A home warranty can provide peace of mind. The last thing a home buyer wants to worry about after closing is what could possibly break or malfunction in their new home. Since that can cover a multitude of items and systems, for peace of mind, it's a good idea to get a home protection plan.

How Much Does a Home Warranty Cost?

They are fairly inexpensive, typically ranging from $300 to $500, depending on coverage. Home warranty companies sometimes run special sales and either discount policy prices or offer additional coverage for the same price. The policies are prepaid for a year in advance, at which time they expire and can be renewed by the homeowner at a slightly higher fee.

How Do They Work?

Although specific plans provide for specific types of coverage, most operate in a similar manner and contain common verbiage.

  • If a home system or appliance breaks or stops working, the home owner calls the home warranty company.
  • The home warranty company calls a provider with which it has a business arrangement.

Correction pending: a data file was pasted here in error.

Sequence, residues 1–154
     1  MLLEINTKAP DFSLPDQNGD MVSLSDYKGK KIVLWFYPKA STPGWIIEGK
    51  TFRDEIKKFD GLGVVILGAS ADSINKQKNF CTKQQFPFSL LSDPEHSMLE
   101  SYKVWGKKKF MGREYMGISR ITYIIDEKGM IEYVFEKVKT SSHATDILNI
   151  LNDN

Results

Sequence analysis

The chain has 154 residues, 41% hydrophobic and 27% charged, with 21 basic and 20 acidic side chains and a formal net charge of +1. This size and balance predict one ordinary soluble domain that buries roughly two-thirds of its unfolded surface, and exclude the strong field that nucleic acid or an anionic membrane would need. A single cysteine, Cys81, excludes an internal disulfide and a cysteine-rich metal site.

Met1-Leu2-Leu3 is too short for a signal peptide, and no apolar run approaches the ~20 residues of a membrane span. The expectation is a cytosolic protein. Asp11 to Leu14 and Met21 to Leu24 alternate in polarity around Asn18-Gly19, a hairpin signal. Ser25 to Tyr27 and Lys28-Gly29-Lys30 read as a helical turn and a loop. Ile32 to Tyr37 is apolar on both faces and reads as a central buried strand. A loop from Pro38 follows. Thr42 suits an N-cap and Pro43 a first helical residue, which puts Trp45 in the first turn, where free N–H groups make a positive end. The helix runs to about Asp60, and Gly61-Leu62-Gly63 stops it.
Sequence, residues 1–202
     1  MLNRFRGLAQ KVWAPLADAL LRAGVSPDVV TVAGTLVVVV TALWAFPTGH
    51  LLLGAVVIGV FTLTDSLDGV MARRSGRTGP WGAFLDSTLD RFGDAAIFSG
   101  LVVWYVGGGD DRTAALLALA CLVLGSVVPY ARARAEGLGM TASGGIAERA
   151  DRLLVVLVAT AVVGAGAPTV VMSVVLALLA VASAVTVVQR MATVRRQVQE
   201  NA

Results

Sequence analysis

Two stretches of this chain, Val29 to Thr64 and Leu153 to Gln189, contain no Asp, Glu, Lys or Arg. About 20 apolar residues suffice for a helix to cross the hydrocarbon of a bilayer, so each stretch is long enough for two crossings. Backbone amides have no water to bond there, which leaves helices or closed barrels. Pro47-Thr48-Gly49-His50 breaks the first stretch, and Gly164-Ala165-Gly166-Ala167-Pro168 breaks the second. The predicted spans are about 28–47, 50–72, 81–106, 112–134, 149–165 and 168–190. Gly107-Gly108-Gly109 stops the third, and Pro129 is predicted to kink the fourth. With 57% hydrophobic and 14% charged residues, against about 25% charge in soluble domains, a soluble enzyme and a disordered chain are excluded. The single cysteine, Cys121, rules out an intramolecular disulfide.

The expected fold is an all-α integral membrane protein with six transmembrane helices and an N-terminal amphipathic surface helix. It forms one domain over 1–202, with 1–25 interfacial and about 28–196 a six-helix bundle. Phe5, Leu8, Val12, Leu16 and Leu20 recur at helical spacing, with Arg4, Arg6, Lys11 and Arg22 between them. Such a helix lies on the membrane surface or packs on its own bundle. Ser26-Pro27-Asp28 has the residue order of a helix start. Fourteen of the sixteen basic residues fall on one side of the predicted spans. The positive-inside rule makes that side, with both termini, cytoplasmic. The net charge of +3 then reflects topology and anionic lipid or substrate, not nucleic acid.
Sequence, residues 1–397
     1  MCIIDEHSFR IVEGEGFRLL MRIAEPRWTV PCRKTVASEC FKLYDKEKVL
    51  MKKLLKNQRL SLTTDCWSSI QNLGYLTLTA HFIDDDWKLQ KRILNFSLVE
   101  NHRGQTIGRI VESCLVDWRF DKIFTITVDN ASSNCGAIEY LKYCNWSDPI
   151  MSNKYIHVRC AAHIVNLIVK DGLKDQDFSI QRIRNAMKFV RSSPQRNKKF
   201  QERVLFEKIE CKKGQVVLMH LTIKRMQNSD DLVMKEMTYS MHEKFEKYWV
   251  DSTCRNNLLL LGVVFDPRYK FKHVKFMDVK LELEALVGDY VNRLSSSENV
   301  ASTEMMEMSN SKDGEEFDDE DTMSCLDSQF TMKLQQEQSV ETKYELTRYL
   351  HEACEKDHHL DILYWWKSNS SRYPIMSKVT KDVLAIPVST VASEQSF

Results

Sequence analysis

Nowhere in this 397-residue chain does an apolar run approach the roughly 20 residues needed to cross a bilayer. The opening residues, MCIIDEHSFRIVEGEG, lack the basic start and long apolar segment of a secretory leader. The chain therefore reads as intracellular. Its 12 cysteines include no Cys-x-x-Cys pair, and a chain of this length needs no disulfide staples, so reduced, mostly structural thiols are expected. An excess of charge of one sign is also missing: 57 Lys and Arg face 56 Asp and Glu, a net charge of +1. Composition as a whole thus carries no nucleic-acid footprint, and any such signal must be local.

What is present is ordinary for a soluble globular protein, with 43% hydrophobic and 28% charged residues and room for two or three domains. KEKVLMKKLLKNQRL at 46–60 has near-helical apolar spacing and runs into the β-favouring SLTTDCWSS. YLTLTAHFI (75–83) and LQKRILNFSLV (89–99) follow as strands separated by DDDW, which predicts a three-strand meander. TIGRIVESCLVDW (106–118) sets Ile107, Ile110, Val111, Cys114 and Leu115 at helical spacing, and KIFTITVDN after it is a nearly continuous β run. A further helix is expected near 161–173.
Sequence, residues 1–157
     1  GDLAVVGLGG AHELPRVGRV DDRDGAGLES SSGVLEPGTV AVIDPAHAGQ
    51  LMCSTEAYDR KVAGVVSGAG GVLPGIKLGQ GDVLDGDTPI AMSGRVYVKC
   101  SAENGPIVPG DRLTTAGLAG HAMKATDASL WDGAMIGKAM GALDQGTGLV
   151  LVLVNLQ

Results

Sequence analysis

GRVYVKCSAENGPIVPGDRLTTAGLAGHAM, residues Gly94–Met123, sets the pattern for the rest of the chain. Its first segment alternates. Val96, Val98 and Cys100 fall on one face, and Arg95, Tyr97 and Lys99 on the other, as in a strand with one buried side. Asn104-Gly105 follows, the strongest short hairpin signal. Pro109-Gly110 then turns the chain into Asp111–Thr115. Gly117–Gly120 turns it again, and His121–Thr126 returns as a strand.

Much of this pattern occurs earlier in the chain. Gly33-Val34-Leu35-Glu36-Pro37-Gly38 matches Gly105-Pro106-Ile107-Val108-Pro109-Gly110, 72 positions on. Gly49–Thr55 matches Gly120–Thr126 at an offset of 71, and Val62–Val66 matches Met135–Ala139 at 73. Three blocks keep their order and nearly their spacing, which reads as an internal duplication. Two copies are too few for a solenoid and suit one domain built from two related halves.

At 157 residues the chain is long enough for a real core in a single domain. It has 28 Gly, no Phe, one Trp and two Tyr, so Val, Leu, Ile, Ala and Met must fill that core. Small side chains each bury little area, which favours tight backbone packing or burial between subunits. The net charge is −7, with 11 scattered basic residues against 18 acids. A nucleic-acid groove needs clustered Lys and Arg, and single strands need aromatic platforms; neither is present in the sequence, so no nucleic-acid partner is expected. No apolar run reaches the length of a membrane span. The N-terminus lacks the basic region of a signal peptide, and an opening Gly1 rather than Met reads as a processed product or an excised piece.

• The specific provider calls the home owner to make an appointment.
  • The provider fixes the problem. If an appliance is malfunctioning and cannot be repaired, depending on contract coverage, the home warranty company will pay to replace and install the appliance.
  • The homeowner then pays a small trade service fee for the visit (less than $100).

So you see, as a seller, it's a relatively inexpensive offer for buyers to feel confident in having major appliances and home systems covered giving them more confidence that your home is the RIGHT home for them.

You Have an Accepted Offer, Now What?

Congratulations!  You have a binding contract between you and the buyer.  You've agreed to all the contingencies, but may feel a bit lost after the celebration feeling wears off.  This is to help put your mind at ease as your thinking about selling your home and offer you confidence knowing what the next steps AFTER an offer look like.  Here it goes: